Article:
Editorial: New Garden's next pages of progress
● By Richard Gaw
The presentation, conducted by Jennifer Reitz, a senior planner with Thomas Comitta Associates, was the first unveiling of the work being done by the township's elected and appointed officials and its Planning Commission, in conjunction with regional planners.
During the presentation, current problems and methods of solving them were identified.
It encompassed the twin enemies of the township – looking into ways of attracting businesses and sources of economic possibility, with also examining methods of preserving open space.
It looked at currently snarled corridors and underdeveloped areas with vision and optimism, including turning Toughkenamon from a drive-by town to one that can become a destination point.
It imagined a township with even more nature trails that will scissor through neighborhoods and wooded areas, as well as opportunities for pedestrians and cyclists.
It took the mushroom industry in New Garden Township and put it front and center in regional efforts to showcase southern Chester County as a world-wide leader in modern agriculture.
It honored both the historic and natural resources of the township, by seeking to dedicate funding to their maintenance and repair, so that they may continue to serve as the cornerstones of the township's definition.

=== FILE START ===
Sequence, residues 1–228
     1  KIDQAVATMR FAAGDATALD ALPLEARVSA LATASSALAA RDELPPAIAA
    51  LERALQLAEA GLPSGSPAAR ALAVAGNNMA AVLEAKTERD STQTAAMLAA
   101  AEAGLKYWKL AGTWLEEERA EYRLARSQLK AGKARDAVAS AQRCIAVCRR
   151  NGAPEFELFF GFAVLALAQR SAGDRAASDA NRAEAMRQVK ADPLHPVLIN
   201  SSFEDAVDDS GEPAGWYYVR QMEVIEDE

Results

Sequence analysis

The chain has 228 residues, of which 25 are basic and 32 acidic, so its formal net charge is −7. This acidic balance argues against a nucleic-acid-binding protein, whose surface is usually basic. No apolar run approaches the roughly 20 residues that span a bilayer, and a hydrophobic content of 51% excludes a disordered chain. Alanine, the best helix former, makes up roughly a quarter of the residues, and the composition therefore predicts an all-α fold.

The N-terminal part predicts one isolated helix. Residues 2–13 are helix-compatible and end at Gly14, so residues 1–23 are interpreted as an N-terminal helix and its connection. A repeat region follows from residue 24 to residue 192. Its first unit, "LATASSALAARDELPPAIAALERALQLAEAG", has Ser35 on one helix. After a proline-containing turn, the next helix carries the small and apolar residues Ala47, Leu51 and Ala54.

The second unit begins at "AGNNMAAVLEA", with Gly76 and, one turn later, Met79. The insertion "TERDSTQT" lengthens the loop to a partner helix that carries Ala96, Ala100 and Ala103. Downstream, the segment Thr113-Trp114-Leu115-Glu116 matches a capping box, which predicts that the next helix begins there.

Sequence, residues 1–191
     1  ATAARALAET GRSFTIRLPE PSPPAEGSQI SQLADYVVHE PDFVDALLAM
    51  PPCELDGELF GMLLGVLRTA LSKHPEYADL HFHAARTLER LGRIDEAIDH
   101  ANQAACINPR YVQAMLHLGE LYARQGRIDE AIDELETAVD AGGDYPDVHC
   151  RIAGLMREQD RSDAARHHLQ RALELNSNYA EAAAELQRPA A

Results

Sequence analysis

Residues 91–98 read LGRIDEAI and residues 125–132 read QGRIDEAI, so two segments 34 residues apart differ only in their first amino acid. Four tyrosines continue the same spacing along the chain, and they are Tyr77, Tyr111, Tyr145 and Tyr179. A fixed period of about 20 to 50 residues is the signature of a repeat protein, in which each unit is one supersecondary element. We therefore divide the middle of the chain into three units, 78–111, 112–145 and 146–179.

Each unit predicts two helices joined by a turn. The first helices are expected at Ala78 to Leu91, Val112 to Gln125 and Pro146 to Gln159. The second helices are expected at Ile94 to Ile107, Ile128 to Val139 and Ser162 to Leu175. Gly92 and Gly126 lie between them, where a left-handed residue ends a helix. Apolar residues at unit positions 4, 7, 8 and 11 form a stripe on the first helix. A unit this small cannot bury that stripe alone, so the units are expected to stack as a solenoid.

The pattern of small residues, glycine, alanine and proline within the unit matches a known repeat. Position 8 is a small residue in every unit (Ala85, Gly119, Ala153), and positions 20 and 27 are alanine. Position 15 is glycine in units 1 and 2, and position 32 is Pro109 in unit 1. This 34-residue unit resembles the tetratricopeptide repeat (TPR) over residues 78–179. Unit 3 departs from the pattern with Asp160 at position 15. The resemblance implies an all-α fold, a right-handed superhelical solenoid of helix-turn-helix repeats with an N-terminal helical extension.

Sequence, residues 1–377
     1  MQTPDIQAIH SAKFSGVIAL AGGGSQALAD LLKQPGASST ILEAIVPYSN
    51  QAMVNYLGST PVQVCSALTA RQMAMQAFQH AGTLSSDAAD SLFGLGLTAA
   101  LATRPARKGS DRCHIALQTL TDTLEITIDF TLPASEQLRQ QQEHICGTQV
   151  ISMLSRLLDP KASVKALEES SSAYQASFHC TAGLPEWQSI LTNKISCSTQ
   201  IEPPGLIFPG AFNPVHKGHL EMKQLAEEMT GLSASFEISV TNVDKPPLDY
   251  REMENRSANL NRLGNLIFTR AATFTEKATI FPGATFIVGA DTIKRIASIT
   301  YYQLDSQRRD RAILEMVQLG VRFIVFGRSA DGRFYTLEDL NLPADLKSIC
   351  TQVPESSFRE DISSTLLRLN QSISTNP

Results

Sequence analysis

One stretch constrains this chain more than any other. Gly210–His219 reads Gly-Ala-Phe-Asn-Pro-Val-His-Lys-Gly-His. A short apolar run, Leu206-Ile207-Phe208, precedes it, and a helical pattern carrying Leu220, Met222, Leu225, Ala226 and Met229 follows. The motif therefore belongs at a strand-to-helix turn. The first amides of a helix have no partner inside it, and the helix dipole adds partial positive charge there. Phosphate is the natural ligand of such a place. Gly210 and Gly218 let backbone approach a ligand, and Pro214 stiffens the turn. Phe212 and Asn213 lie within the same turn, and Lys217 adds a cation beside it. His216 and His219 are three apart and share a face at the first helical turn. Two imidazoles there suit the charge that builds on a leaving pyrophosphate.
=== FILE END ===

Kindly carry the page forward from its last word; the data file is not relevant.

It saw the modernization of the township's community facilities, including public safety, administration, sewer and water infrastructure and parks and recreation facilities.
Too often, our ability to imagine the wildest of ideas is relegated to our capacity to fathom them, and for many residents of New Garden Township, being able to see the outlined goals of the township's new Comprehensive Plan come to life are impossible.
And yet, to those of little faith and imagination, we ask them to remember when the township's 2005 Comprehensive Plan was rolled out.
It spelled out the need to protect its natural resources and preserve open space over the next decade – which has led to the placement of conservation easements throughout the township, and the planned acquisition of Saint Anthony in the Hills property.
It asked residents to imagine a more streamlined and cost effective township operations, which is leading to the sale of its sewer system, and will lead to the construction of a new regional police facility.
In order to become effective, a comprehensive plan must lead to the achievement of the goals it sets down, but it first needs to demonstrate bold initiatives that set the collective bar high. In its collaboration with Thomas Comitta Associates and other local and regional planners, that's exactly what New Garden Township has done with its new Comprehensive Plan. Now we wait, patiently, as we did ten years ago, for the boots-in-the-ground work that began as the wildest of ideas to begin.